Total gin consumption in the U.S. market has been in decline for years, with overall volume at 9.19 million 9-liter cases in 2019, according to Impact Databank, compared to more than 18 million in 1975, when the category was at its peak. Today, the leading brands by market share are Seagram’s from Pernod Ricard (19.4% share), Diageo-owned Tanqueray (15.1% share), and Bacardi-owned Bombay (12.6% share). Another wave emerges below those brands, which includes E. & J. Gallo’s New Amsterdam, Diageo-owned Gordon’s, Hendrick’s from William Grant & Sons, and Pernod Ricard’s Beefeater.
Among these leaders, however, the picture of growth is mixed. Seagram’s was down 4.7% in 2019, Tanqueray remained flat, New Amsterdam was down 4.5%, and Gordon’s was down 4%. Only Bombay and Hendrick’s made gains, at 2.3% and 10.2%, respectively. While that growth shows a positive trend, it remains small, and the category as a whole has yet to experience a surge like that of whiskies in the last few years. But gin is steadily garnering renewed interest, mostly thanks to an enlarged presence in cocktail culture and the craft space. In addition, brands are tapping into innovation and premiumization in a big way.
“The beauty of the gin category is its nuance,” says Megan Abraham, lead bartender at San Francisco-based Commons Club. “The bounty of its palate spread is almost limitless.” Gin is indeed one of the broadest spirits categories in terms of taste profile, even with the requirement that juniper feature among its botanicals. The scope of the category allows for experimentation. “People want to express themselves through creativity now more than ever, whether it’s trying something new or breaking free from cocktail conformity,” says Victoria Morris, vice president of global marketing at Bombay Sapphire. “Gin allows them to do just that.”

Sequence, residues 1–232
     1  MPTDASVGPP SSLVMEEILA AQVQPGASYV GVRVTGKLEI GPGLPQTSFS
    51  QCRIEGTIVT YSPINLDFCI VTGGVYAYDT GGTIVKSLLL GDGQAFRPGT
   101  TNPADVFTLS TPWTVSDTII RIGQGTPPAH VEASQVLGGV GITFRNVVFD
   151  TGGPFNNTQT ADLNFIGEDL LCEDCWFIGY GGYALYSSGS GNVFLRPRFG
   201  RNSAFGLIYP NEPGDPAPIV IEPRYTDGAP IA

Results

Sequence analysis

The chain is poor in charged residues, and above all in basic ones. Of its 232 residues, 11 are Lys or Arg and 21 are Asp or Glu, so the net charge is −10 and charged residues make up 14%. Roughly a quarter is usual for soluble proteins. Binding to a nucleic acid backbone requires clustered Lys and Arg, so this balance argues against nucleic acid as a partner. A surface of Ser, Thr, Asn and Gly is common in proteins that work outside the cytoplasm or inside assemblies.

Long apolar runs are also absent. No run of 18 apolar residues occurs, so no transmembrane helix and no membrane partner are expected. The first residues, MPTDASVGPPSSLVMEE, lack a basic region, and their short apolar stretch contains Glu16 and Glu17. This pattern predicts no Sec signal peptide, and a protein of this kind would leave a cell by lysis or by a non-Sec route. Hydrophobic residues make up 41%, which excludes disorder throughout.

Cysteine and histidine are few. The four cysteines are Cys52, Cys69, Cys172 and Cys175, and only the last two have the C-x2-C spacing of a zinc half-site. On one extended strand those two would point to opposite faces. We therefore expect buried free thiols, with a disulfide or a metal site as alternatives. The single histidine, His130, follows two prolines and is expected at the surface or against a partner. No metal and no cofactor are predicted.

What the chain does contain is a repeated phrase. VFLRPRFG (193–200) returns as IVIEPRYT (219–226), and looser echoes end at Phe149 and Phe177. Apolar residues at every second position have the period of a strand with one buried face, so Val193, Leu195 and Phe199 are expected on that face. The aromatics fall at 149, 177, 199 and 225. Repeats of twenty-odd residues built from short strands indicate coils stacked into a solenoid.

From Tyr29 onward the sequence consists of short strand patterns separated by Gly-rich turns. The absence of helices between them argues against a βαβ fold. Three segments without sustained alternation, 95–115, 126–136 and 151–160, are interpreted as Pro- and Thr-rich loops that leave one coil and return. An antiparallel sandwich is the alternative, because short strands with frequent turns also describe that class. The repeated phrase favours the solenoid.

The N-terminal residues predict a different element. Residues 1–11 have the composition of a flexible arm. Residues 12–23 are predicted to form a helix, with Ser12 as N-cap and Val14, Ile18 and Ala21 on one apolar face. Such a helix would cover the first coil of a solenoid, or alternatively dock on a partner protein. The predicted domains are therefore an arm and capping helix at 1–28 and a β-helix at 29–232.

Small craft players are giving the gin category a much-needed boost. While brands like Hendrick’s, Citadelle, and Drumshanbo have made a name for craft gin on a larger scale, more boutique players are now having their moment, with Starlight Distillery, St. George Spirits, Copper & Kings, F.E.W., and Glendalough among those that have broken into the category in notable ways, diversifying it and leading consumers away from traditional London Dry gins and toward more unique offerings.
Starlight’s flagship gin is its Simon’s 1794 ($30 a 750-ml.), distributed in nine states. The Indiana-based distillery—operated by the Huber family, who also own Huber Winery—focuses most of its production on whiskey and brandy. “The wine team, brandy team, and whiskey team all work together on Starlight’s gin,” notes co-owner and master distiller Ted Huber. “This collaboration makes us unique.” What’s more, much of the gin’s ingredients are sourced from Huber’s property. “Our terroir is something we try to express in all of our wine and spirits products,” Huber says. “We make a gin that’s representative of southern Indiana.”
In the same way, Wicklow, Ireland-based Glendalough Distillery makes gin that evokes the characteristics of its land. “Our local Wicklow botanicals are fresh and wild—you could actually eat them,” says founder Gary McLoughlin, noting the botanicals’ crisp flavors. “Their freshness gives us a very unique taste.” Glendalough produces Wild Botanical and Rose gins (both $35 a 750-ml.), and has seen enormous growth, with sales doubling since this time last year.
California-based St. George, meanwhile, makes four gins: St. George Terroir ($35 a 750-ml.), Botanivore ($35), Dry Rye ($35), and Dry Rye Reposado ($50). “Our flagship Terroir gin was inspired by a trip to pick up my son at summer camp,” says master distiller Lance Winters of the distillery’s leading gin. “When I got to the campground after a stressful day, I was calmed by the smells around me. I decided to distill that smell.” As such, the Terroir gin contains fir, bay laurel, coastal sage, wild fennel, herbal roots, and other elements that recall the great outdoors.